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The role of entrepreneurship in rising wealth and income inequality

Author

Listed:
  • Malm, Arvid

    () (Royal Institute of Technology (KTH), Department of Industrial Economics and Management, Swedish Entrepreneurship Forum (SEF))

  • Sanandaji, Tino

    () (Centre for Policy Studies (CPS), Research Institute of Industrial Economics (IFN))

Abstract

Thomas Piketty has argued that the rising income share of top earners in the US is driven by the growing incomes of “Supermanagers”, high-level managers and supervisors in large firms. Piketty has further argued that this development is best explained by growing managerial bargaining power in conjunction with lower top marginal tax rates and changing social norms. We argue that Piketty´s claim that 60 percent of the top 0.1 percent earners are “Supermanagers” is mistaken. A closer examination of US tax data shows that these managers primarily tend to be active in closely held corporations, not in large firms. We also use the Survey of Consumer Finances to confirm that self-employed business owners constitute a large share of US top earners. In 2013, 58 percent of the top 0.5 percent earners in the US self-identified as self-employed business owners. This suggests that managerial bargaining power among salaried managers is unlikely to have been the main driving force behind the increase in top incomes. Furthermore, increasing returns to entrepreneurship may be an important yet little-discussed factor for explaining increasing income inequality.

Suggested Citation

  • Malm, Arvid & Sanandaji, Tino, 2015. "The role of entrepreneurship in rising wealth and income inequality," Working Paper Series in Economics and Institutions of Innovation 398, Royal Institute of Technology, CESIS - Centre of Excellence for Science and Innovation Studies.
  • Handle: RePEc:hhs:cesisp:0398
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    File URL: https://static.sys.kth.se/itm/wp/cesis/cesiswp398.pdf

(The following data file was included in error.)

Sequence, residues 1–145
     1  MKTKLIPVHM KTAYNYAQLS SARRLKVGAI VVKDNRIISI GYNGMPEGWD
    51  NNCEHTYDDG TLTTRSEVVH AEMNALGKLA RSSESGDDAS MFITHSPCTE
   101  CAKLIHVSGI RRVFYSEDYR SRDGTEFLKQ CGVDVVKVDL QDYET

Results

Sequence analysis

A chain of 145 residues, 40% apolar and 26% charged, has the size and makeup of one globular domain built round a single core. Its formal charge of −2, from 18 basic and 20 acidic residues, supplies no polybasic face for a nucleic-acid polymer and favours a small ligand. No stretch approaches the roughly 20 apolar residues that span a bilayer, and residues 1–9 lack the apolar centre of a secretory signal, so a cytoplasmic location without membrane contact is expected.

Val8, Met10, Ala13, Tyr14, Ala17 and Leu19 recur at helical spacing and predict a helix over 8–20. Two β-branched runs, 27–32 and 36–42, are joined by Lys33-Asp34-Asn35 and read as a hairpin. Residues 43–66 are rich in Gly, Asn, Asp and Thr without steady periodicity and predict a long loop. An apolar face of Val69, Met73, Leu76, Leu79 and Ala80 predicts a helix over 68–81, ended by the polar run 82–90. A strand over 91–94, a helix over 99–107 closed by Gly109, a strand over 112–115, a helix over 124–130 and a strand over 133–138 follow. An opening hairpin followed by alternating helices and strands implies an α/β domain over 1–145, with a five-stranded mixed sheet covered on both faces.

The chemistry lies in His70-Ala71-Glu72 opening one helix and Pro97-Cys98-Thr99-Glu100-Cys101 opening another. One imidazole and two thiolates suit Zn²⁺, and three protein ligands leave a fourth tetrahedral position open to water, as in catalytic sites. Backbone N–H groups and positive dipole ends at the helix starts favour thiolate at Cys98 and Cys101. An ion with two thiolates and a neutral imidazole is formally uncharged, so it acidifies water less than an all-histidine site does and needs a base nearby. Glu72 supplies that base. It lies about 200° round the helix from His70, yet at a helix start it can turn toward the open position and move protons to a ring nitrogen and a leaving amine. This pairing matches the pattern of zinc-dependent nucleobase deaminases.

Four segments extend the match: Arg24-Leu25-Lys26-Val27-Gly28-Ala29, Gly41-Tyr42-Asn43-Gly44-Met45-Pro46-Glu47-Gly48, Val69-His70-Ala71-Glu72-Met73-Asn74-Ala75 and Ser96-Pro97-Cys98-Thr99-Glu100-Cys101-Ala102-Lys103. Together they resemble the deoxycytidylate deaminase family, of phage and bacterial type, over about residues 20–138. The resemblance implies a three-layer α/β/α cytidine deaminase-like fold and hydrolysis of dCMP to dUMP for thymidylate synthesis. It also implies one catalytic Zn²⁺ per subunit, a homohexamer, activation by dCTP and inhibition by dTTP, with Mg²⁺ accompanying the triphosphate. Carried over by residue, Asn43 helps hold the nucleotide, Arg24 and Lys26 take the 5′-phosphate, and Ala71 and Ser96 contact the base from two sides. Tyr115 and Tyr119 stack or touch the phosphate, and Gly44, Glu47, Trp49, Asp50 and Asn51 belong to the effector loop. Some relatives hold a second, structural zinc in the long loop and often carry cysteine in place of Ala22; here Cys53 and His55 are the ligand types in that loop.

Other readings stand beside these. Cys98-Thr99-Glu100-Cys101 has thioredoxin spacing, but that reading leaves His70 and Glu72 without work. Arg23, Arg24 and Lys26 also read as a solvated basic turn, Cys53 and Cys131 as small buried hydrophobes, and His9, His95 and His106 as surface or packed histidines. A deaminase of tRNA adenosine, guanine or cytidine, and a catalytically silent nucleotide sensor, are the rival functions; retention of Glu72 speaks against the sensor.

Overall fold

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    References listed on IDEAS

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    1. Henrekson, Magnus & Sanandaji, Tino, 2013. "Small Business Activity Does not Measure Entrepreneurship," Working Paper Series 959, Research Institute of Industrial Economics, revised 26 Jan 2014.
    2. Marco Cagetti & Mariacristina De Nardi, 2006. "Entrepreneurship, Frictions, and Wealth," Journal of Political Economy, University of Chicago Press, vol. 114(5), pages 835-870, October.
    3. Charles I. Jones & Jihee Kim, 2018. "A Schumpeterian Model of Top Income Inequality," Journal of Political Economy, University of Chicago Press, vol. 126(5), pages 1785-1826.
    4. Thomas Lemieux, 2008. "The changing nature of wage inequality," Journal of Population Economics, Springer;European Society for Population Economics, vol. 21(1), pages 21-48, January.
    5. Thomas Piketty & Emmanuel Saez & Stefanie Stantcheva, 2014. "Optimal Taxation of Top Labor Incomes: A Tale of Three Elasticities," American Economic Journal: Economic Policy, American Economic Association, vol. 6(1), pages 230-271, February.
    6. Gary Burtless, 1995. "International Trade and the Rise in Earnings Inequality," Journal of Economic Literature, American Economic Association, vol. 33(2), pages 800-816, June.
    7. Kopczuk, Wojciech & Saez, Emmanuel, 2004. "Top Wealth Shares in the United States, 1916-2000: Evidence From Estate Tax Returns," National Tax Journal, National Tax Association;National Tax Journal, vol. 57(2), pages 445-487, June.
    8. Bruton, Garry D. & Ketchen, David J. & Ireland, R. Duane, 2013. "Entrepreneurship as a solution to poverty," Journal of Business Venturing, Elsevier, vol. 28(6), pages 683-689.
    9. Katz, Lawrence F. & Autor, David H., 1999. "Changes in the wage structure and earnings inequality," Handbook of Labor Economics, in: O. Ashenfelter & D. Card (ed.),Handbook of Labor Economics, edition 1, volume 3, chapter 26, pages 1463-1555, Elsevier.
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    Cited by:

    1. Ayse Imrohoroglu & Cagri S. Kumru & Arm Nakornthab, 2018. "Revisiting Tax on Top Income," ANU Working Papers in Economics and Econometrics 2018-660, Australian National University, College of Business and Economics, School of Economics.

    More about this item

    Keywords

    wealth; income distribution; entrepreneurship;

    JEL classification:

    • D31 - Microeconomics - - Distribution - - - Personal Income and Wealth Distribution
    • L26 - Industrial Organization - - Firm Objectives, Organization, and Behavior - - - Entrepreneurship

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